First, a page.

Exploring the mysterious missing matter of the cosmos

Eminent Australian astronomer Ken Freeman – an expert on the invisible dark matter pervading the universe – will be awarded the Dirac Medal at UNSW this week and deliver the 2016 Dirac Lecture.

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Blue in this image represents dark matter within the galaxy cluster MACS J0416.1–2403. Image: NASA

Eminent Australian astronomer Ken Freeman – an expert on the invisible dark matter pervading the universe – will be awarded the Dirac Medal at UNSW this week and deliver the 2016 Dirac Lecture.

There is five times more mysterious dark matter in the universe than there is normal matter – the stars and galaxies that we can observe with optical and radio telescopes.

“We know the dark matter is there because we can measure its gravity, but we still don't know what it is,” says Freeman, who is Duffield Professor of Astronomy at the Australian National University.

He was one of the first scientists to point out – in 1970 – that spiral galaxies contain a large fraction of dark matter.

“The story of the discovery of dark matter in the universe started in 1933,” he says. “It is an intriguing saga of brilliant discoveries that were ignored for decades, other discoveries that turned out to be correct but for the wrong reasons, and the gradual realisation that dark matter defines the entire structure of the universe in which we live.”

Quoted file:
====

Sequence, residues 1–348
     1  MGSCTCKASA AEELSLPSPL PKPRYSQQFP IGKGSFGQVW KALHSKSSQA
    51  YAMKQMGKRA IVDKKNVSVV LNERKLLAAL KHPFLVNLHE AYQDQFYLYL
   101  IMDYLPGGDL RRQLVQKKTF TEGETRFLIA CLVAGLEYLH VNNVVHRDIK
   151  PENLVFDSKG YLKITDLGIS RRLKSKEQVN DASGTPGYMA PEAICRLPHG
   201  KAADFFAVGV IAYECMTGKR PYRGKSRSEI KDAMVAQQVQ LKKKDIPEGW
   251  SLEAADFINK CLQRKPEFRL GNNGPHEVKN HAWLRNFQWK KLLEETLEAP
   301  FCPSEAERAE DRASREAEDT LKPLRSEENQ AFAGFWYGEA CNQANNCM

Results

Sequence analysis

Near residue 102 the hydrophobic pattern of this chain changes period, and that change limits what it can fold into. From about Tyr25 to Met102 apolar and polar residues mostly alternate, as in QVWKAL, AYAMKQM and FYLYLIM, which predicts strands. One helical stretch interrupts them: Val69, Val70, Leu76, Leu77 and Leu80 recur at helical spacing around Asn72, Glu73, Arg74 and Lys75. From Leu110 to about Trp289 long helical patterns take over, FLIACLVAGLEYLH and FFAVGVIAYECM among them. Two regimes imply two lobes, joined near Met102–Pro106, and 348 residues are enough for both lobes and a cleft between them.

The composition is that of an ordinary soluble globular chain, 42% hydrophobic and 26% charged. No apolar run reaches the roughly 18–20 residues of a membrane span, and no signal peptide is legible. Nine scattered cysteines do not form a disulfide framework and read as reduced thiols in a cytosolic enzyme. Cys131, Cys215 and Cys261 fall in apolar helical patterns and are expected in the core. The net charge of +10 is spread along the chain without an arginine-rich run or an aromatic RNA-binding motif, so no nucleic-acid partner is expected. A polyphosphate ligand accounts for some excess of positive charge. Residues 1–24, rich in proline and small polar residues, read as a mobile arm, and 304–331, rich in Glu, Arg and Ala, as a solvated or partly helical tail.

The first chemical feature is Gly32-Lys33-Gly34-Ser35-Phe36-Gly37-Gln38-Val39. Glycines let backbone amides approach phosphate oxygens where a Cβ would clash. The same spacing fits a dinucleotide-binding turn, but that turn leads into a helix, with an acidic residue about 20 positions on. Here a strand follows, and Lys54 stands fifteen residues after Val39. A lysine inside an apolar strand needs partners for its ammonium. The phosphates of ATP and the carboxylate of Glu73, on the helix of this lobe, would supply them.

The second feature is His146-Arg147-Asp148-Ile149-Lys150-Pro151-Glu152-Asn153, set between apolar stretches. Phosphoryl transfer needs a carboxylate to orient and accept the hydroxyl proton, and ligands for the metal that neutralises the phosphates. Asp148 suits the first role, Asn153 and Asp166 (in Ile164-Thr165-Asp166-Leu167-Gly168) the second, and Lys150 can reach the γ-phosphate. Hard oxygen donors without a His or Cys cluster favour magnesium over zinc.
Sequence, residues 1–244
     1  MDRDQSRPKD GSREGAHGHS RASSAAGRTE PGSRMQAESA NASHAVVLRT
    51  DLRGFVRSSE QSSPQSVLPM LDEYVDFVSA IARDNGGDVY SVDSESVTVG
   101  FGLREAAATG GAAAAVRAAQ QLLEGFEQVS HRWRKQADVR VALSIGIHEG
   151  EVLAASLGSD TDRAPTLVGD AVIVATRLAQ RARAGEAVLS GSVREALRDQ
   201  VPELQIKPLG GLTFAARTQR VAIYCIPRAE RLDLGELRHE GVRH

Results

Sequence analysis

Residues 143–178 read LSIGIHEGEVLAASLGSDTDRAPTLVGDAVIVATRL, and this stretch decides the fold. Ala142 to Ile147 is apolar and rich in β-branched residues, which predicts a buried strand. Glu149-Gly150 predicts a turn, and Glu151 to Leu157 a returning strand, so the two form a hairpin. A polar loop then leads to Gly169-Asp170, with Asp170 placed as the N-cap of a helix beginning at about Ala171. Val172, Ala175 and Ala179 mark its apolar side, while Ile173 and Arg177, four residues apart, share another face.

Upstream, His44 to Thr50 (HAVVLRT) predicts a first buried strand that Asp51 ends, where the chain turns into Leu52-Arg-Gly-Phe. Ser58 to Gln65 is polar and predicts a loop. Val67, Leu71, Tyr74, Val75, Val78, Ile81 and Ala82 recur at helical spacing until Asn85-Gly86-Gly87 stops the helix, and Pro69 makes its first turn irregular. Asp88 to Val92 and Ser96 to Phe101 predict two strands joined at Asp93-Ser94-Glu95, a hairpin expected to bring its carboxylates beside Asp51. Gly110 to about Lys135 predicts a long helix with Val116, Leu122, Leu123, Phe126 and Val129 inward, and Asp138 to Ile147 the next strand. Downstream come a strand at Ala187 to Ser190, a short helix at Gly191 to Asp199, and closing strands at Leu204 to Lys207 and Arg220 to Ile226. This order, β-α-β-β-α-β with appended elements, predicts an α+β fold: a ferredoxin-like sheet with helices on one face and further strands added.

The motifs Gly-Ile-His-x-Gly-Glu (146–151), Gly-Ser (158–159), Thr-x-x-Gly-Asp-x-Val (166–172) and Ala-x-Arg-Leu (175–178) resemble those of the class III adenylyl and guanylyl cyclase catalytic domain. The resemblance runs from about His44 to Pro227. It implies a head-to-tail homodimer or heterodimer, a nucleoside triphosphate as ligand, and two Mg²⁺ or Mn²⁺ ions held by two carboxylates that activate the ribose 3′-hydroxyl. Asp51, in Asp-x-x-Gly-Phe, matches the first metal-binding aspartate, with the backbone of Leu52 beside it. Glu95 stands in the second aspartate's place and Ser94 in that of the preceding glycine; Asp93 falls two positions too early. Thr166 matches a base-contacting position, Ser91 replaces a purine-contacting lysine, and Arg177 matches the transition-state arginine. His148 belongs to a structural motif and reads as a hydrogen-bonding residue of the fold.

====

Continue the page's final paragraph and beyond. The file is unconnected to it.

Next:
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Professor Ken Freeman, recipient of the Dirac Medal.

Freeman joined the staff of Mount Stromlo Observatory in 1970 and uses a number of optical and radio telescopes in Australia, as well as large optical telescopes in Spain, Chile, and Hawaii, to observe the universe.

Among his many accolades, he won the Prime Minister's Prize for Science in 2012, and shared the international Gruber Prize for Cosmology in 2014. He became a Fellow of the Australian Academy of Science in 1981 and a Fellow of the Royal Society of London in 1998.

The Dirac Medal for the Advancement of Theoretical Physics is awarded by UNSW in association with the Australian Institute of Physics NSW branch and The Royal Society of NSW.

The Lecture, hosted by UNSW Science and the Medal commemorate the visit to UNSW in 1975 of the British Nobel laureate, Professor Paul Dirac, who was one of the greatest theoretical physicists of the 20th Century.

Professor Dirac gave five lectures which were published as a book Directions of Physics. He donated the royalties to UNSW for the establishment of the Dirac Lecture and Prize, which includes a silver medal and honorarium. It was first awarded in 1979.

What: 2016 Dirac Lecture by Professor Ken Freeman and Dirac Medal presentation

Date: 5.45 pm–7.30 pm, Thursday 13 October, 2016 

Where: Tyree Room, John Niland Scientia Building

Registration: Registration is essential. Please register your attendance here.